Graduate Student Dissertations, Theses, Capstones, and Portfolios

Date of Award


Document Type


Granting Institution

Lynn University

Degree Name

Doctor of Education (EDD)

Degree Program

Educational Leadership


College of Education

First Advisor

Joe Melita

Second Advisor

Adam Kosnitzky

Third Advisor

Mark Luttio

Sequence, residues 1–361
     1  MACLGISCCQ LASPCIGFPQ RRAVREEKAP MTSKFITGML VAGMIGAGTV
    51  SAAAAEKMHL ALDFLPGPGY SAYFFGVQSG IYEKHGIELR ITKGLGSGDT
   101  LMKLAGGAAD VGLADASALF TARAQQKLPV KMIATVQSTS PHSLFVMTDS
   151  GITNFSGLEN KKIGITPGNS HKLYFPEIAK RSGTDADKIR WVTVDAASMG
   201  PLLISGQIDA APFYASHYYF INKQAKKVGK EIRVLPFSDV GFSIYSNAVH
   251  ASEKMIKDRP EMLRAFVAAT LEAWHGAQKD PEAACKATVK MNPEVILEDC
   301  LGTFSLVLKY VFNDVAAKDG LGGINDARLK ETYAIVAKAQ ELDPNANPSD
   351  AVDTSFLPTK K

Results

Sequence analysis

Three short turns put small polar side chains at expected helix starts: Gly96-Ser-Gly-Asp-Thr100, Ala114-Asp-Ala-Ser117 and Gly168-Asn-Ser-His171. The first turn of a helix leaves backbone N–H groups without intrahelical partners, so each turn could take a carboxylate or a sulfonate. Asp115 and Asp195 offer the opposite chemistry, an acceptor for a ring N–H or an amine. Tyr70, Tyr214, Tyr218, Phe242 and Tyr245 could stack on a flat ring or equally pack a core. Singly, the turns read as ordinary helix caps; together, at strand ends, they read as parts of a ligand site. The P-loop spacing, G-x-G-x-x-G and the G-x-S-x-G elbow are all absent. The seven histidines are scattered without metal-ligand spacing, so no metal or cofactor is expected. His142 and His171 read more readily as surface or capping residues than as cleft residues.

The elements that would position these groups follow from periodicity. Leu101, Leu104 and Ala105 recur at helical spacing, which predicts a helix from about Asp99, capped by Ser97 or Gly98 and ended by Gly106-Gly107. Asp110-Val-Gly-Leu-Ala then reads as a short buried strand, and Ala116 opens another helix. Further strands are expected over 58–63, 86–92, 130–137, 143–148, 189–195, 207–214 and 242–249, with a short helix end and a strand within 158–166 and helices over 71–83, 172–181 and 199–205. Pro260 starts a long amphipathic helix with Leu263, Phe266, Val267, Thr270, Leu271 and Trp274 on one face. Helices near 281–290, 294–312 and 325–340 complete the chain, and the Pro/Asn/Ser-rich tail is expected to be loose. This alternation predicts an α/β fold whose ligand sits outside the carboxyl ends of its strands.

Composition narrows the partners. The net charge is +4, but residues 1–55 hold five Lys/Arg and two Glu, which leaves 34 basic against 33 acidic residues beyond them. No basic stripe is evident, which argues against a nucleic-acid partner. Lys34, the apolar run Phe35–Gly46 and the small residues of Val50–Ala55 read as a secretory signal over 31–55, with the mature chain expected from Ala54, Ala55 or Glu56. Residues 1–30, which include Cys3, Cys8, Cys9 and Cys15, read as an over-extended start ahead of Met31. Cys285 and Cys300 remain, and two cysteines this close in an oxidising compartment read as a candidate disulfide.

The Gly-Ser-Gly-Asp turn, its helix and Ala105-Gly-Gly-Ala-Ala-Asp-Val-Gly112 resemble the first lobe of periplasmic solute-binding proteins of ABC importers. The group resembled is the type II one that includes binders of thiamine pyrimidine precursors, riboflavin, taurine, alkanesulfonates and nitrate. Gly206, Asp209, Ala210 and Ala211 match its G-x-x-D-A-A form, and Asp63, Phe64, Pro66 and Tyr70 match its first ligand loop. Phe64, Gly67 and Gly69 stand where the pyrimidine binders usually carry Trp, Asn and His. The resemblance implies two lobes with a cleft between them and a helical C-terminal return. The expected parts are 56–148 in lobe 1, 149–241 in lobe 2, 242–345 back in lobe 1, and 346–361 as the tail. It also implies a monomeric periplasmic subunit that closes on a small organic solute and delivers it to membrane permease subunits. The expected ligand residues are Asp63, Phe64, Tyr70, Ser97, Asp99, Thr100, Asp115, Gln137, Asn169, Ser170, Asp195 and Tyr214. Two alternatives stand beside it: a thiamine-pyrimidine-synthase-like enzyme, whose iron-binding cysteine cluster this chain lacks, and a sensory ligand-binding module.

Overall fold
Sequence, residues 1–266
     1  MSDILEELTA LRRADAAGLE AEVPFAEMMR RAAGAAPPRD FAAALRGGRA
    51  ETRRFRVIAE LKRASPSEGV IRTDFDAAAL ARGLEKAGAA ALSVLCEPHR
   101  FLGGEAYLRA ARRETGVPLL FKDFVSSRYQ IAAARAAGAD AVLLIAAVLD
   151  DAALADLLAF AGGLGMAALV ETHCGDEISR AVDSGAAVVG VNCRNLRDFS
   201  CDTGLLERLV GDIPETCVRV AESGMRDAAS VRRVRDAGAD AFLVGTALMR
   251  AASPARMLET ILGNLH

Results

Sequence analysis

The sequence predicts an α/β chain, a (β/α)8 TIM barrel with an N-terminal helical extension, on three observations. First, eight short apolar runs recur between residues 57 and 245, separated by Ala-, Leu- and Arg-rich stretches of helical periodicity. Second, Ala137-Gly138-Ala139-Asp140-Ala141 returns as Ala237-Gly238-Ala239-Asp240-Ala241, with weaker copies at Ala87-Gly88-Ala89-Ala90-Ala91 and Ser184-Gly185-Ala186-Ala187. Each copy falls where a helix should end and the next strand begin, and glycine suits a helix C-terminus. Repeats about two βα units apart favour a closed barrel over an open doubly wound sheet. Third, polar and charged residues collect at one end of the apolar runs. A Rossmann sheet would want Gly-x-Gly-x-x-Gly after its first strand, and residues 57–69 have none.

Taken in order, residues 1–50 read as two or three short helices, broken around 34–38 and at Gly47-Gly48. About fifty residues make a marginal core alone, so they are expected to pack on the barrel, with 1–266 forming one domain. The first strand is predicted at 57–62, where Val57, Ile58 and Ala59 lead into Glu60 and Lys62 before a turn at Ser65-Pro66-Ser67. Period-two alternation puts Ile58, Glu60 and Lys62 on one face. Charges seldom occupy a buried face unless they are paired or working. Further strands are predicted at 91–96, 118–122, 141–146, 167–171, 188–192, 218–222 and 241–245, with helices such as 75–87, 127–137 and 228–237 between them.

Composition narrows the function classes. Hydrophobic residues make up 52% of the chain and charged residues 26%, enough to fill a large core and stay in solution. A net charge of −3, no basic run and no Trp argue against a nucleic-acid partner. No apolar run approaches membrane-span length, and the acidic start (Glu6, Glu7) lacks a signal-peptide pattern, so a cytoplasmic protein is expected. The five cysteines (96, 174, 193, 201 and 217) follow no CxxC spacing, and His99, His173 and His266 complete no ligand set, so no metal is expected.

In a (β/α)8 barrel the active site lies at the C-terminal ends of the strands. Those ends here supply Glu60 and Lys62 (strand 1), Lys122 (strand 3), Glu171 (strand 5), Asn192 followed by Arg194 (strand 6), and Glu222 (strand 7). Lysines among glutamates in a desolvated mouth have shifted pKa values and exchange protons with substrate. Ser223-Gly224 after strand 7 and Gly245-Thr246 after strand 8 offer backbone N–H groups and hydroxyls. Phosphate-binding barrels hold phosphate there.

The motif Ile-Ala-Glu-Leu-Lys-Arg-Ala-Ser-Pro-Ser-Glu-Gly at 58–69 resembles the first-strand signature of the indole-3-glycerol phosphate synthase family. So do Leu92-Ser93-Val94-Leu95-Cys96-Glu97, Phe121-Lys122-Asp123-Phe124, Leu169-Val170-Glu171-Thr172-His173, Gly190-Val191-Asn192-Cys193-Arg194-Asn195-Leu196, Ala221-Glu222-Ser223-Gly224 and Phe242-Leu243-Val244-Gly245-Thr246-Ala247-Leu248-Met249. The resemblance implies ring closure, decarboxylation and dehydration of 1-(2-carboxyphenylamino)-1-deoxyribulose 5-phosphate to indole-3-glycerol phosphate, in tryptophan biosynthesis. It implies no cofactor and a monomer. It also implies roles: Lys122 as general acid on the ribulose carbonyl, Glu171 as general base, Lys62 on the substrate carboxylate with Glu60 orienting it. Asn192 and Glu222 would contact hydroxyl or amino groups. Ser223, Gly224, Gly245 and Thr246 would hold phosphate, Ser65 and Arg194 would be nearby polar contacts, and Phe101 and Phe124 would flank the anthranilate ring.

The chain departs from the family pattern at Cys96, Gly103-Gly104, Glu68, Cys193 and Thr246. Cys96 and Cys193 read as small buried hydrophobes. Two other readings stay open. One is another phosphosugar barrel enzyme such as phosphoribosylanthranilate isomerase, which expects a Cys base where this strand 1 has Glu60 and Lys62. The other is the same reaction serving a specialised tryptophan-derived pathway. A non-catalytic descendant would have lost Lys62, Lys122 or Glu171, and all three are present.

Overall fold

A plethora of recent employment surveys have identified the 'talent paradox' implying the inability of the employers to find suitable workers despite the abundant availability of undergraduates reportedly due to the lack of future work skills. Against this backdrop, this study aims to illuminate the need for improving the marketability of the undergraduate students by infusing hitherto untested combination of the two interventional models, namely, Edward de Bono's Six Thinking Hats and Stephen R Covey's 7 Habits of the Highly Effective People. ' The very dynamic nature of the unemployment problem among undergraduates is of current and continuing interest not only to the individual student level but to the educators and policy makers at the national level as well. The study offers two hypotheses. One is to test the relationship between having future work skills and empowering undergraduates for future work life and the second is to test the relationship between the use of the two named interventions and improving the future work skill. Each hypothesis has two research questions. The case study has a mixed research design consisting of predominantly qualitative questions with a touch of quantitative questions. The responses from the individual interviews of 18 undergraduate students and two career counselors of Lynn University to a detailed questionnaire form the primary data collection instrument, further complemented by semi-structured observation and field notes. The findings of this study support both the hypotheses. The application of de Bono's and Covey's models at undergraduate level has been an exception rather than a rule. Thus, there is a need to further explore the scope for introduction of these rarely used models in colleges either as part of curriculum or as a supplement. While the findings from this study provide useful insights into the nature of future work skills to the students, they also help educators and the program developers develop appropriate pedagogical interventions to bridge the skill-gap. Extension of this research to bigger universities and longitudinal studies are the recommendations for further research.



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